Join us at the 2023 INCLUDEnyc Fair! Register now.

IncludeNYC logo

Special Education Rights for Foster Children, Parents, and Foster Parents

Published
August 25, 2022

Parental rights of biological/adoptive parents*

  • To be informed by the school when a referral for special education has been made. Within 10 calendar days of the initial request, the principal of the school must either: 
    • Request that the birth parent consent for evaluation, and/or 
    • Offer the parent a meeting to discuss the request if the parent didn’t make the initial request
  • To be allowed to obtain student records
  • To attend parent-teacher conferences
  • To participate in the student’s education and IEP meetings
  • To consent to special education evaluations and services, unless:
    • There is a court order naming someone else as decision-maker
    • The parent names someone else as decision-maker 
    • The parents’ whereabouts or identities are unknown, and a surrogate must be appointed (see Surrogate Parents tip sheet)

* Unless a court order says otherwise

Student’s rights

A student in foster care has the right to:

  • Child Find: Public schools must look for, find and evaluate students who need special education
  • Free and Appropriate Public Education (FAPE, under IDEA)
  • Least Restrictive Environment (LRE, under IDEA)
  • Attend their own IEP meeting
  • A Student-Centered IEP meeting
  • Services comparable to those offered to other students
  • School Stability: A right to stay in their current school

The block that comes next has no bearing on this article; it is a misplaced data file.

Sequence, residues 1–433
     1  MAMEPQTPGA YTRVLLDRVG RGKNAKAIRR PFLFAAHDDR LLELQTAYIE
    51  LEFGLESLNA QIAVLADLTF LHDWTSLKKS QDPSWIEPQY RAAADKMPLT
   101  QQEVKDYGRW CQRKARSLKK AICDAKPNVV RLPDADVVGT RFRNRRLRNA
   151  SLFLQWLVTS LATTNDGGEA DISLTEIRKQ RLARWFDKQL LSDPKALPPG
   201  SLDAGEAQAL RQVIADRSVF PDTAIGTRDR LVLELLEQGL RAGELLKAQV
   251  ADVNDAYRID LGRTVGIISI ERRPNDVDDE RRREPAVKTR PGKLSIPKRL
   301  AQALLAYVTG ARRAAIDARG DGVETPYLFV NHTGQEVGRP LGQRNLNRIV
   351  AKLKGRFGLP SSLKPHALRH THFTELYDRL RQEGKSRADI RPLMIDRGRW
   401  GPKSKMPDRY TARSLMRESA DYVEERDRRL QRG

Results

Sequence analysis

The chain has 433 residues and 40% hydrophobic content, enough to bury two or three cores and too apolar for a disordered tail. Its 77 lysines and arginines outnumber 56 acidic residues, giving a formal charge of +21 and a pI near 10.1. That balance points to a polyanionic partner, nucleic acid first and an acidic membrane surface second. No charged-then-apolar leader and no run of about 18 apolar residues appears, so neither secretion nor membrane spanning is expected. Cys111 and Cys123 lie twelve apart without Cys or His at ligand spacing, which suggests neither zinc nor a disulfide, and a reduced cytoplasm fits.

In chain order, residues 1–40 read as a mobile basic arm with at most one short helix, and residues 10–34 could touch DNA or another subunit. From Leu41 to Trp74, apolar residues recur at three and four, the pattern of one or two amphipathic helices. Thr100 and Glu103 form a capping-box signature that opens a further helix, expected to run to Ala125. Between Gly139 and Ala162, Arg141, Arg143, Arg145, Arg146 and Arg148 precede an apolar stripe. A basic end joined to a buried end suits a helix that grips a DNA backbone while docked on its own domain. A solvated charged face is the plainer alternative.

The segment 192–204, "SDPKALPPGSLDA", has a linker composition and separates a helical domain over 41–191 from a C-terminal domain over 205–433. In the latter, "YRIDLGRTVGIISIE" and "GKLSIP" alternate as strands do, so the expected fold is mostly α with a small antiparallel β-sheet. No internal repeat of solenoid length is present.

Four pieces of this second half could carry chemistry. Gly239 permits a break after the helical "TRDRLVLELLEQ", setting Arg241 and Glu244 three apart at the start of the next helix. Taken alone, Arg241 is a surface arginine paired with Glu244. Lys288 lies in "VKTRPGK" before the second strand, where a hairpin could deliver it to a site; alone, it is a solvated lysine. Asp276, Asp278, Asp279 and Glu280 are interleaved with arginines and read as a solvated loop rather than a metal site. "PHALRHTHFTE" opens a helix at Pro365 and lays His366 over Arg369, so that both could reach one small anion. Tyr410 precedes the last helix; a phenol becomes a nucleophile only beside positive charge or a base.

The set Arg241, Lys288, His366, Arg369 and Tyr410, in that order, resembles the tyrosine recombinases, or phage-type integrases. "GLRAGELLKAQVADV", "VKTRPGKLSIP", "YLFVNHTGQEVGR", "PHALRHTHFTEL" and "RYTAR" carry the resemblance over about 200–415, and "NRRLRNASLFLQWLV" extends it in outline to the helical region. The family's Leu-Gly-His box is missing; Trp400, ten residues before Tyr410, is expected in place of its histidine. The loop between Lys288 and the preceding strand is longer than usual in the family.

• Enroll in a new school if it has been determined that it is not in their “best interest” to stay at their original school (“Best Interest Determination”)
  • Transportation services

Resource for Special Education NYC: Family Guide to Special Education

What foster parents should know

  • Referrals for special education may be made by parents or persons authorized to act as the parent, by authorized school officials, or by foster care agencies.
  • When a birth parent’s consent for special education is not required:
    • When parents’ rights have been terminated by the courts, a foster parent is authorized to sign consent.
    • When biological parents can’t be identified or the parent(s) whereabouts are unknown despite reasonable efforts to locate them, a “surrogate parent” must be appointed. This person may be and usually is the foster parent.
  • Release of educational records by the school: 
    • Under an amendment to FERPA, foster care agencies don’t need a release to get student education records or information. 
  • Once special education services are determined on the IEP, foster parents have a duty to observe the student’s progress to ensure they are appropriately addressing the student’s academic and social/emotional needs. If they are not, foster parents should address this with the case planner or the education liaison.

Resource for Foster Parents: Foster Parent’s Guide to Education

INCLUDEnyc provides information, individual assistance, and training to youth, families, and professionals. It does not provide legal advice or representation. If you are a foster or surrogate parent, please consult with your case manager or foster agency.